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Friday
Oct232009

Raw Mistake # 7: Be dedicated, but not a zealot.

Raw Mistake # 7: 
Be dedicated, but not a zealot.

Over the past week we've covered six of the "7 Biggest Raw Mistakes".  Today, I'm going to tell you about the final killer raw mistake.  This one’s different from the others because it’s not really about what you’re eating or how you’re eating it.  Instead, it has to do with your mindset. 

When I first started going down the raw-vegan path I was extremely devout.  Actually, I think obsessive would be a more accurate word.  I wanted to call myself a true 'raw-foodist', so I wouldn’t touch anything that wasn’t raw.  In one respect, it was great that I was motivated.  My enthusiasm led me to do a lot of studying and experimenting, and it ultimately led me to successfully find what I was looking for in a diet and lifestyle. 

I should emphasize, however, that that is how devout I used to be.  Despite learning more and more about how beneficial eating a raw-vegan diet is to one’s body, over time I became less intense in my approach.  Why was that?  It’s because I learned through experience (and maturity) that problems can arise from being too extreme.  For starters, going into a diet with an expectation of absolute adherence puts way too much pressure on you.  Trying to go 100% raw-vegan and NEVER eating anything else for the rest of your life is unrealistic.  I used to try that — I’d even keep track of how many days I went without slipping.  I’d often go for many months, but every once in a while I'd eat something wrong... and of course I'd feel guilty about it. 

When approached incorrectly, a diet or lifestyle can become an obsession and your efforts will start to stray from their original purpose — to achieve great health.  When you try to be 'perfect' you begin to focus too much upon the negatives.  That's not a healthy mindset and you’ll put yourself down and discourage yourself. 

Furthermore, if you parade about claiming to be a raw-foodist you’ll become a spectacle, which can be annoying for everyone else.  Your peers may feel you’re trying to push something on them, which is a bad idea because nobody likes a know-it-all.  Plus, you’ll feel an increased load of expectations due to this spotlight you’ve placed upon yourself.  You’ll be afraid to be seen ‘cheating’ in public.  All this posturing and drama really isn’t helping anyone.  Rather than labeling yourself, simply approach your raw-vegan lifestyle with the mindset of being someone who likes to make healthy choices.  That should be more than enough.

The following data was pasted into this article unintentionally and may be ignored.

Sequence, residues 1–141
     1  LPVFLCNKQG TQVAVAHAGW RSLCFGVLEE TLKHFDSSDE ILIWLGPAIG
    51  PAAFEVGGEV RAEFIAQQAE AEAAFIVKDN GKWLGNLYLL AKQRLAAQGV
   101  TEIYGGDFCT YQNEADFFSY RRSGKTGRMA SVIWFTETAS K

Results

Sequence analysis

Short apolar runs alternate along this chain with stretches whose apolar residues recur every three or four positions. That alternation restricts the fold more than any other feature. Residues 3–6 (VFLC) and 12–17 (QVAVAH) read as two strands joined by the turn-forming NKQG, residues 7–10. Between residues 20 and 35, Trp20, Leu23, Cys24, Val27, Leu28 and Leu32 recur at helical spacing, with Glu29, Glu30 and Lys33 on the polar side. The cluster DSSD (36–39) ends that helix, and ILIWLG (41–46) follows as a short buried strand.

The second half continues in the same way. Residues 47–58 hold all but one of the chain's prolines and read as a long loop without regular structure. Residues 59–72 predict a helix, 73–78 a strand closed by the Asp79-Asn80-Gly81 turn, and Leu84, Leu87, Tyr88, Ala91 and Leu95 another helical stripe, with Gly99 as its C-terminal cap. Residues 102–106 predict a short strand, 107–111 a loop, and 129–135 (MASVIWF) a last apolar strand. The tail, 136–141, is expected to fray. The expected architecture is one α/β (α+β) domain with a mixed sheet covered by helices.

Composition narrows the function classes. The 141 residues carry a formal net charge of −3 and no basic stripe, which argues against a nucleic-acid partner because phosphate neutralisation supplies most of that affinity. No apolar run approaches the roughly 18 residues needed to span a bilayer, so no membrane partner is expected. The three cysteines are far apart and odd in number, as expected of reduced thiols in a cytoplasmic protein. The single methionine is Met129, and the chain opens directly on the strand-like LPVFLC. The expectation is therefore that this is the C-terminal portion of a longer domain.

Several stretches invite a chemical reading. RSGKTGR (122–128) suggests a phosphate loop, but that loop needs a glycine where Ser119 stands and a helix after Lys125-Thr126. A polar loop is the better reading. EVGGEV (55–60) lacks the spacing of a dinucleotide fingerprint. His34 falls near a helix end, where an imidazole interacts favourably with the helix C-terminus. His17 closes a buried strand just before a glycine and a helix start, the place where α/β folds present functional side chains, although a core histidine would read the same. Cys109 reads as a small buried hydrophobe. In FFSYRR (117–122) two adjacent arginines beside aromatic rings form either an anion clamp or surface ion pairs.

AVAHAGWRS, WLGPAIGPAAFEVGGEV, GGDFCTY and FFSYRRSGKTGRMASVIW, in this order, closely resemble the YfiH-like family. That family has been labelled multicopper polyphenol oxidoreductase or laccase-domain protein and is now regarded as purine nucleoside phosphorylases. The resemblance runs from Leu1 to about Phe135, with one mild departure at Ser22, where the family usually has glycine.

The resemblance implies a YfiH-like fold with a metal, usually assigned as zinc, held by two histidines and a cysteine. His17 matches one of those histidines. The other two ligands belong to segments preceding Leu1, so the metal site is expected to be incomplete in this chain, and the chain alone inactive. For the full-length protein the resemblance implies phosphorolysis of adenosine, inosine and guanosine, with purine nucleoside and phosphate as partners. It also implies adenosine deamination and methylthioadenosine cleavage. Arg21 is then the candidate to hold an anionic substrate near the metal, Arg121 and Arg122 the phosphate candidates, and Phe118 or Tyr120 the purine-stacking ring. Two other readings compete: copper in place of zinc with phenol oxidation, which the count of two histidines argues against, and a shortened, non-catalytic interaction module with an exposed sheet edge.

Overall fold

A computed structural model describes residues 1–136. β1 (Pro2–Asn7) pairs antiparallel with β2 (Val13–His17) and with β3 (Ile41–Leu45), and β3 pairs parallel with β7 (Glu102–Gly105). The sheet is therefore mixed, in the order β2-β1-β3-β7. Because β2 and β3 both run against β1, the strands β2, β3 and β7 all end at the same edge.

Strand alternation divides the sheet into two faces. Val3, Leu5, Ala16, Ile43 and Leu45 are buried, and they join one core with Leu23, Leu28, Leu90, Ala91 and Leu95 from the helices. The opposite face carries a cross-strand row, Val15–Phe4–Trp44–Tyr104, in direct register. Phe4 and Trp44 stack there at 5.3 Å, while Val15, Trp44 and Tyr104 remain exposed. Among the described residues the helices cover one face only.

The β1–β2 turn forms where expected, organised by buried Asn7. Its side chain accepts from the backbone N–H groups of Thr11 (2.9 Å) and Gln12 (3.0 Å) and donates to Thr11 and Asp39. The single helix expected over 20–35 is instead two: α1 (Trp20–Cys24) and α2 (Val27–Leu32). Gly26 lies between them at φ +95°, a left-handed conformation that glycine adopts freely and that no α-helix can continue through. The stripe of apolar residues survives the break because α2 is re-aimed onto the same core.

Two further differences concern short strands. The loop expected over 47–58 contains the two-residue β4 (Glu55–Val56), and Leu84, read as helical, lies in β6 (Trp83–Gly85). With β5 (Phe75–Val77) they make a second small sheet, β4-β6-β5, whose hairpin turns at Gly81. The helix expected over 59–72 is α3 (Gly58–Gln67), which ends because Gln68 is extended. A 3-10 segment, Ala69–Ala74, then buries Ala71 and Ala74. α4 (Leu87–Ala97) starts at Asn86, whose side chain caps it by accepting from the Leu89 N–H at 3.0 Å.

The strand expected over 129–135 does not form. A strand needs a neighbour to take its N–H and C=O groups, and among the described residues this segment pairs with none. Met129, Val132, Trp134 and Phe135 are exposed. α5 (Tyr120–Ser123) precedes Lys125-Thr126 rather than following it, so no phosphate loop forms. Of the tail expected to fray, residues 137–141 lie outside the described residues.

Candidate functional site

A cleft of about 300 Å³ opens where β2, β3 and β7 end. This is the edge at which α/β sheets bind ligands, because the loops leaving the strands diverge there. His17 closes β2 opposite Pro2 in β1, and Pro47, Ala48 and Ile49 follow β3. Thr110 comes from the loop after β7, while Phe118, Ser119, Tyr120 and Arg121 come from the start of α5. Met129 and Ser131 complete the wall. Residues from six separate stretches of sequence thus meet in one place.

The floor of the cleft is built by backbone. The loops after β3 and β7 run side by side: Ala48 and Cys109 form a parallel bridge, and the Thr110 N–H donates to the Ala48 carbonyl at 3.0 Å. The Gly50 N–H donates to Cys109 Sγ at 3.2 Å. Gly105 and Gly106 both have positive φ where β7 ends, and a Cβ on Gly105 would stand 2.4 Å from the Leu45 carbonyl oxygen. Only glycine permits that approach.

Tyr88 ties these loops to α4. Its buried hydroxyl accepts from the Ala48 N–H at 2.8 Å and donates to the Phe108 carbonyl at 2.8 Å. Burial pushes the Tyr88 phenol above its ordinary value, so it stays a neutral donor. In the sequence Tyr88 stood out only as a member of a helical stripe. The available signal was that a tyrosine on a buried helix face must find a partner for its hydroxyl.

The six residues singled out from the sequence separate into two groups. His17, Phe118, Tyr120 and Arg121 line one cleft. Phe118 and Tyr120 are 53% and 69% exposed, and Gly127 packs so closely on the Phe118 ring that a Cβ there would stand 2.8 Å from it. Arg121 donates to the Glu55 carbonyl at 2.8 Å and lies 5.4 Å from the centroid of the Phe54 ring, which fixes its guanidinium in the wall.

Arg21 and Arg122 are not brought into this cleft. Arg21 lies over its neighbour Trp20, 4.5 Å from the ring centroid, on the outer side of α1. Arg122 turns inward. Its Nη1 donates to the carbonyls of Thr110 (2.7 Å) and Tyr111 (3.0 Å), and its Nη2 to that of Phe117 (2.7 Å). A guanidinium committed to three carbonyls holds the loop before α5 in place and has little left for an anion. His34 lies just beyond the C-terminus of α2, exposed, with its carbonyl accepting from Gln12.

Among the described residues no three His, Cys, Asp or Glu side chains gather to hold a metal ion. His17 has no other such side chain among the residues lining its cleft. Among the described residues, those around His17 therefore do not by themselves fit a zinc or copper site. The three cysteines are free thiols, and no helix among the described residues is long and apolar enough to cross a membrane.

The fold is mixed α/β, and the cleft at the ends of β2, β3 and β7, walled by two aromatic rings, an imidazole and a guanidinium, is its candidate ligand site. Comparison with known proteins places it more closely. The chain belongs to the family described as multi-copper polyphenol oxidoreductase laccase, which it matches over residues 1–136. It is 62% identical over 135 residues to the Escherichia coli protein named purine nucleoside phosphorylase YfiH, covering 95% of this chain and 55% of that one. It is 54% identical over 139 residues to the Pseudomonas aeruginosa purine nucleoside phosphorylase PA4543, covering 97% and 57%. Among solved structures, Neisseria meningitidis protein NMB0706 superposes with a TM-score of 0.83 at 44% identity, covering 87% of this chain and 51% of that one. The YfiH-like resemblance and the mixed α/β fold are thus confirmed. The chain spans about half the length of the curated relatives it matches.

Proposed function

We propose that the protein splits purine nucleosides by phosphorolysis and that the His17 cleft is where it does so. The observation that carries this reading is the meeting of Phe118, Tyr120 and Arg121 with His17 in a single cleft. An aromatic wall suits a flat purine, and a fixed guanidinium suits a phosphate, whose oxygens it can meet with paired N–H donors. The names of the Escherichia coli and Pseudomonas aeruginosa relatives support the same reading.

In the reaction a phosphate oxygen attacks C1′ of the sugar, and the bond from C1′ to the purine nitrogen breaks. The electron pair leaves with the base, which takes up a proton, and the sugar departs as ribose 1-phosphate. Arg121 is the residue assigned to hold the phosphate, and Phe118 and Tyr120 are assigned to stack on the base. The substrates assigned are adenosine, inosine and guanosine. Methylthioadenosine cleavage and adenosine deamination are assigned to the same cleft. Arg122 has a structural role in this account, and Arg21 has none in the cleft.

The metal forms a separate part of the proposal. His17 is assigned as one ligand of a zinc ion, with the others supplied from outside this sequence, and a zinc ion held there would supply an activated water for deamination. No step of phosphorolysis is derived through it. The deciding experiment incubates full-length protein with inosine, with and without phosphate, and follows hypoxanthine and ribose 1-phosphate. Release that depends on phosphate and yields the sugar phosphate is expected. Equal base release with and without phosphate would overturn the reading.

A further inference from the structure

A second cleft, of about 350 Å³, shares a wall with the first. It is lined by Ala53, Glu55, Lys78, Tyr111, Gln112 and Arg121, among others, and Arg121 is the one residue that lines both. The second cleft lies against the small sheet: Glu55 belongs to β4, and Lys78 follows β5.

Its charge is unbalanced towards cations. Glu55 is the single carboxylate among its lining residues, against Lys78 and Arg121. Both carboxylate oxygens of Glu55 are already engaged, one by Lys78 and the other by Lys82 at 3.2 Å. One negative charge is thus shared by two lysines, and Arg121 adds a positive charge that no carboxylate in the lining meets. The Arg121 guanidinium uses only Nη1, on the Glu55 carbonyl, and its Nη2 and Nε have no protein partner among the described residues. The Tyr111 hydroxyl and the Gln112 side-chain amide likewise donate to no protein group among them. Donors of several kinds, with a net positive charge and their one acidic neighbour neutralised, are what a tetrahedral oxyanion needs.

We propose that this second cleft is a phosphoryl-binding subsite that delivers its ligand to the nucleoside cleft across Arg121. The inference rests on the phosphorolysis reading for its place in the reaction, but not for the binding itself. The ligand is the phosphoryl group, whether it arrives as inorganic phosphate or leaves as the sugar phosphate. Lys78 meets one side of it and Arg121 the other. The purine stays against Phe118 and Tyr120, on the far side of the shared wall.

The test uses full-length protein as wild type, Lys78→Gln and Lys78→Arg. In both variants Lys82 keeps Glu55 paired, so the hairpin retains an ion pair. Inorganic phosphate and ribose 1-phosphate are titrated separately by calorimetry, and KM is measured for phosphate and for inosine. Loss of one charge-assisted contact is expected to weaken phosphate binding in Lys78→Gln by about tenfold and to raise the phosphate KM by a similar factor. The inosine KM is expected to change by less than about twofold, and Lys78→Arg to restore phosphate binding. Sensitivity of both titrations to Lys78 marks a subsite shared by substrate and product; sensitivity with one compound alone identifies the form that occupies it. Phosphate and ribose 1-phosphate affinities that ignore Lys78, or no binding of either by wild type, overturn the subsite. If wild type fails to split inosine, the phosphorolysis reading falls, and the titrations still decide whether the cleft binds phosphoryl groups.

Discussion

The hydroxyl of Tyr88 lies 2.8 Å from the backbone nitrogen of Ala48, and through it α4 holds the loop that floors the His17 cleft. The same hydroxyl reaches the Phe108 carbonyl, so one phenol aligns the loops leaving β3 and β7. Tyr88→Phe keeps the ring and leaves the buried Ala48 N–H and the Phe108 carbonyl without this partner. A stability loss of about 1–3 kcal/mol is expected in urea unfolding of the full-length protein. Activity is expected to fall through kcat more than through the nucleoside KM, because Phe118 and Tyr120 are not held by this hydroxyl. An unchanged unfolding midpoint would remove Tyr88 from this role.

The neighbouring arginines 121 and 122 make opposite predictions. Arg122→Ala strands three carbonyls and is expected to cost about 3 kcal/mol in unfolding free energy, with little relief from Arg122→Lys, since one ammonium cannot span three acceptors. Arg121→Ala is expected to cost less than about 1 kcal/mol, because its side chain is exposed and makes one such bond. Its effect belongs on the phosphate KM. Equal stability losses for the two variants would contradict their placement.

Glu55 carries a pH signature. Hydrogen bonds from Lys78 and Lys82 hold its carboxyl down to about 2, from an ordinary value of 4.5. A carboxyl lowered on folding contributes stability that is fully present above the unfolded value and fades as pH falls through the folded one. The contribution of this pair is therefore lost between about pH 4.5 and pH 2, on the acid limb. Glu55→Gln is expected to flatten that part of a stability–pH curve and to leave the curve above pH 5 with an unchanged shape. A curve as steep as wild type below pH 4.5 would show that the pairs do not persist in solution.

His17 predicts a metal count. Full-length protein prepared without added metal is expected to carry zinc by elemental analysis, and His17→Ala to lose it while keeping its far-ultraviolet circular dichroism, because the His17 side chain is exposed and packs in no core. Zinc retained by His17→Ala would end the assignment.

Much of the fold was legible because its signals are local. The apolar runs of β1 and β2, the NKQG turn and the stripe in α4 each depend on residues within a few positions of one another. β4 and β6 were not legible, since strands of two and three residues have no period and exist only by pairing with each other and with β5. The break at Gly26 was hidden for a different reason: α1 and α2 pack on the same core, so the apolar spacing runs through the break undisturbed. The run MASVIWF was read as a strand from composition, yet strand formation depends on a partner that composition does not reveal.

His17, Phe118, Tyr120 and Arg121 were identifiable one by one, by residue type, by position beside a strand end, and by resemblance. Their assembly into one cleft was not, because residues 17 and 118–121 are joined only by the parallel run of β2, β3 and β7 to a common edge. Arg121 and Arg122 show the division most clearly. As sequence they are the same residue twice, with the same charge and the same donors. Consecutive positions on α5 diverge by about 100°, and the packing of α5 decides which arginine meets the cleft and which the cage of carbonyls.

If those reasons aren't enough, I should also point out that being overly-devout can be socially limiting — or even isolating.  When I was over-the-top into being raw, I never went out.  I didn’t want to eat at a restaurant and go through the difficulty of finding something that fit my new 'religion’.  If you truly don’t want to go out to restaurants, that’s fine; and it certainly makes things easy.  I don’t go very often myself, and that’s usually only when I’m accommodating other people.  I feel much better staying away from restaurants and eating raw.  But if you're totally depriving yourself of things you want to do, you won’t stick with a raw-vegan diet.  I guarantee that.  You’ll get unhappy and frustrated with the perceived limitations.   I say ‘perceived’, because eating raw-vegan is only as limiting as you chose to make it.  If you're dedicated to you dietary choices at home and you do a good job of eating raw-vegan at work or school, don’t beat yourself up over the occasional slip.  If you want to go down to the coffee shop with a friend on your lunch break, or if you want to go out on Friday nights with your friends, you can still make sensible choices that won’t make you feel like crap afterwards.  I’m not saying be a bar star.  I’m just saying be realistic.  In the big picture, eating 75% raw in the long-term and being happy will do much more for your health than eating 100% raw for a month, burning out, giving up and walking away from it

Take the raw diet as far as you want to go, but don't push harder than you're ready for.  Baby steps are okay, as long as you're getting results and feeling better.  I'll always be here to help you along your way.

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This wraps up our little 7-Mistakes mini-series.  I hope these tips help you avoid some of the major hurdles beginning raw-vegans make.  If you've missed any of them along the way, take a peek back at the archives.  You can also get your own copy of "The 7 Biggest Raw Mistakes" when you sign up for the free monthly Real-World Raw Health and Nutrition newsletter.  If you're ready to take the next step and really excel with your raw-vegan diet, I strongly recommend checking out my book, "The Busy Person's Guide to the Raw-Vegan Diet".  It's the total, definitive resource for anyone wanting to get the most out of their raw diet.  You can download a free preview of the book by clicking on this link.

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Mike Dillman has lived a raw-vegan diet since 2004. Because he's experienced the learning curve firsthand, he wants to save you from making the same mistakes yourself. You can visit Mike's blog at Real-World-Raw.com to learn how easy it can be to make a raw-vegan diet fit your busy lifestyle. You can also download his free eBook, "The 7 Biggest Raw Mistakes", where Mike lays out the major missteps beginning raw foodists make that undermine their success and tells you how you can avoid them. To get your free eBook click here.

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